What exactly is the EU MDR?

The European Union’s Medical Device Regulation (EU MDR) was a significant update to the regulatory framework for medical devices in the EU, replacing the Medical Devices Directive (MDD) and the Active Implantable Medical Devices Directive (AIMDD). The EU MDR came into full effect on May 26, 2021.

The EU MDR has several implications for the medical device translation industry. Here are a few key points:

  • Increased Documentation: The EU MDR requires more extensive documentation, including detailed technical documentation and post-market surveillance reports. All these documents need to be translated into the official language of each EU member state where the device will be sold.
  • Enhanced Labeling Requirements: The new regulation also has more stringent requirements for labeling, including the need for a summary of safety and clinical performance. This information must be easily understandable to the average user, necessitating high-quality translation and localization.
  • eIFU (Electronic Instructions for Use): The EU MDR allows certain devices to use electronic instructions for use (eIFU) instead of paper ones. This could potentially reduce the translation workload, but the eIFUs must still be translated into the appropriate languages.
  • UDI (Unique Device Identification): The EU MDR introduces a UDI system, which requires a UDI-DI (device identifier) and UDI-PI (production identifier). The UDI-DI must be registered in the EUDAMED database in English, but any information intended for the non-English-speaking user must be translated.
  • Increased Quality Assurance: The EU MDR emphasizes the importance of quality management systems (QMS), including translation processes. This means that translation providers must have robust QMSs in place to ensure the accuracy and quality of their translations.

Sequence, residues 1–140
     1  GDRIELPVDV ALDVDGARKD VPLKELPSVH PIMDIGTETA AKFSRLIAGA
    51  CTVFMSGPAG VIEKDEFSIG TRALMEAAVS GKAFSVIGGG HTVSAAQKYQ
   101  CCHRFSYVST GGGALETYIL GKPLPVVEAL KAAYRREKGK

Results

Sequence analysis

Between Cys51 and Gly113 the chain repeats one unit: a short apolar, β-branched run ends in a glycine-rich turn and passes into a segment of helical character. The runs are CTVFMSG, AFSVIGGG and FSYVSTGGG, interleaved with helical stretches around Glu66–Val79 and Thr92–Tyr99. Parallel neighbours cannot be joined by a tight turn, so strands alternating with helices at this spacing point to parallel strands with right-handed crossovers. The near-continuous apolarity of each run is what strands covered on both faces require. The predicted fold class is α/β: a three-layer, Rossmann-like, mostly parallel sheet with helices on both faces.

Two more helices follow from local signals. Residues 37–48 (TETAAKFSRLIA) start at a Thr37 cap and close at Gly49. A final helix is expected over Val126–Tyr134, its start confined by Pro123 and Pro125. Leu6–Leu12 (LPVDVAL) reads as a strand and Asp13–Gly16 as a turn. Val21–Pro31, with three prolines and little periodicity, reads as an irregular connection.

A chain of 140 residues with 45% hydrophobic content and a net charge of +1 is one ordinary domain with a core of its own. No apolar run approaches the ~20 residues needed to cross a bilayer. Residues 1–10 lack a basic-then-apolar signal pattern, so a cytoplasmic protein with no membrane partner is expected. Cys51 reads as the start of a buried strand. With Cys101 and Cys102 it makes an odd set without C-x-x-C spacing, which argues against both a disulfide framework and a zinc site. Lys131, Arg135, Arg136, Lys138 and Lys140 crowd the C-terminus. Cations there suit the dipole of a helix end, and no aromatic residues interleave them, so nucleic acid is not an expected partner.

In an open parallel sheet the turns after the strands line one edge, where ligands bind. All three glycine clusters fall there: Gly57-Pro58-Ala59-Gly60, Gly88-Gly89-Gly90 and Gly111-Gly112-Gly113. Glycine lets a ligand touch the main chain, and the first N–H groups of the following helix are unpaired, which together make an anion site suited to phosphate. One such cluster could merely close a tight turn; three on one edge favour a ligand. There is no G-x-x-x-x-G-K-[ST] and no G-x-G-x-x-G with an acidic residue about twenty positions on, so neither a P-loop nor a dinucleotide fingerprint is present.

Recent update

The EU MDR update in May 2023 extended the transition period for medical devices with certificates issued under the previous directives. This was done to address potential shortages of medical devices due to the slower-than-anticipated transition to the new MDR regulations.

This extension provides some relief for medical device manufacturers, but they still need to work towards full MDR compliance. For the translation industry, this means continuing to translate technical documentation and provide labeling for medical devices according to the new MDR requirements.

U.S.-based translation companies

The EU MDR places the responsibility for the accuracy and compliance of all documentation on the medical device manufacturer. But in practice, translation companies that provide translations of documentation also have an important role to play in verifying that translations support manufacturers’ compliance with the EU MDR.

U.S.-based translation companies must have the appropriate processes and quality management systems in place to deliver translations that meet the EU MDR requirements. This may require specialized medical device translation expertise, knowledge of the specific EU MDR translation guidelines, and quality control procedures tailored for regulatory compliance.

Bottom line

The MDR places particularly stringent requirements on device labeling and instructions for use. Translations need to be accurate, complete, and consistent with the original documentation. Medical device companies will continue to rely on translation service providers that have expertise in regulatory translations for the healthcare sector.

The MDR update has not changed the overall goals of improving patient safety and clinical evidence for medical devices. Translations will still need to meet the high standards for clarity, consistency, and completeness set out in the MDR.

The extension provides more time for medical device companies and translation service providers to prepare for full MDR compliance, but the need remains critical for accurate and compliant translations of technical documentation. Companies will continue to look for translation partners like TrueLanguage with proven experience in medical device translations, knowledge of the new MDR requirements, and the ability to deliver translations that enable medical device companies to achieve MDR compliance.